Prompt from terribleminds called “Twisted Love.”
“Yea but you don’t have a grandma!” A little boy with one front tooth shouted to the brown haired one sitting across from him. His shrill voice managed to travel over the raucous lunchroom chatter.
“Yes I do too!” The brown haired boy replied with an earnest face, sincerely attempting to convince all the boys at the table that he did in fact have a grandma.
“Yea, well what was her name?” Another inquired, looking down at the ground, unsure who to believe.
“Rusalka. She lives in the lake!” The brown haired boy was earnest still, even against the laughter of the other boys. “It’s true!”
“Then you must be a fish!” More laughter ensued.
“Tell us about her then.” A fourth boy with glasses smiled at the brown haired one.
“My Pap told me that it was like a bunch of years ago when he was cutting logs for the timber man. He was hiking with his big axe, like this big!” He spread his arms out as far as they could go. “And one day when he was hiking up by Shady Point lake he laid down to take a nap, he already cut like fifty trees that day…”
“Fifty trees!?” The toothless boy was skeptical but the brown-haired one assured him it was true.
“Yea, he used-to do like a hundred a day sometimes!”
The boys eyes were wide, the lunch room seemed quieter as they focused on his story.
“So he took a nap and when he woke up he saw seven ladies all around him. They had long black hair and had no clothes on.”
“Ewww” The boy with glasses proclaimed to a bout of laughter.
“They started singing to him,” the boy continued, “they sang a song that no one had ever heard before. But my Pap knew what to do, he knew that if he stood still and listened, they’d drag him into the lake and drown him!”
The boys oohed and awed.
“So my Pap took his finger and drew a cross in the mud, then he stood on it and none of the Rusalkas could drag him off. But he did something else too…”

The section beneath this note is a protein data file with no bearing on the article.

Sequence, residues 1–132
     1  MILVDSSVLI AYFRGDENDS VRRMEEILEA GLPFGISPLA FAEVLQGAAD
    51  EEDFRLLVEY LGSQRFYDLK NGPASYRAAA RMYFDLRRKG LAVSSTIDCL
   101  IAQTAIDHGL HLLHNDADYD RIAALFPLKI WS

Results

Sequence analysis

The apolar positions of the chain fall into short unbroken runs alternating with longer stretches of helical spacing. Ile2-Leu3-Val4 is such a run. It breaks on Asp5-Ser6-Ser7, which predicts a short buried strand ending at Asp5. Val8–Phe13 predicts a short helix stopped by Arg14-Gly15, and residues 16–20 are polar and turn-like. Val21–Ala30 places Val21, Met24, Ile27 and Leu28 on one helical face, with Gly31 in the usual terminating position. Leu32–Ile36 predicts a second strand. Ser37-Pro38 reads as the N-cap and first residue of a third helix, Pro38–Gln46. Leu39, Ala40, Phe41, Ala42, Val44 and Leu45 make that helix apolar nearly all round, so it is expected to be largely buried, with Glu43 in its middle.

The toothless boy asked what.
“He took off his cross, the one with St Peter on it, and he wrapped it around one of the Rusalka’s necks!”
“She had to live with him then, didn’t she?” The boy with glasses asked, half remembering the rules of the old stories.
“Yep” he continued, “Pap went home that day with the Rusalka and they lived together for years. They cooked and they cleaned together, they played games and sang. Pap said she could dance faster than a cat after a mouse! They even had a baby.”
More ewwws followed.
“But one day when they were walking by the river, my grandma told Pap that she missed her friends and her family in the lake. And he said it was that day that she kissed him and jumped in the river then swam to the lake to be with her friends and mom and dad.”
The boys thought for a moment in silence.
The toothless boy broke the silence. “My mom says your Pap drinks beers all day and steals the Sunday paper from her newsstand on the weekends.”
“I don’t care what your mom says, it’s not true.” The brown-haired boy pulled an oversized gold necklace out from under his hand-me-down polo shirt. “See this is the chain he used when he found my grandma.”
The boys leaned forward and grabbed it, feeling-out the intricate details on the cross.
The bell rang and the boys ran to their lines. The brown-haired boy tucked his grandpa’s necklace in as he walked. He felt a tug at his shoulder, a girl in his class looked back at him. Her name was Penelope and she had black hair that curled to her shoulders. Leaning in toward his ear she cupped her hand and whispered, “I believe you.”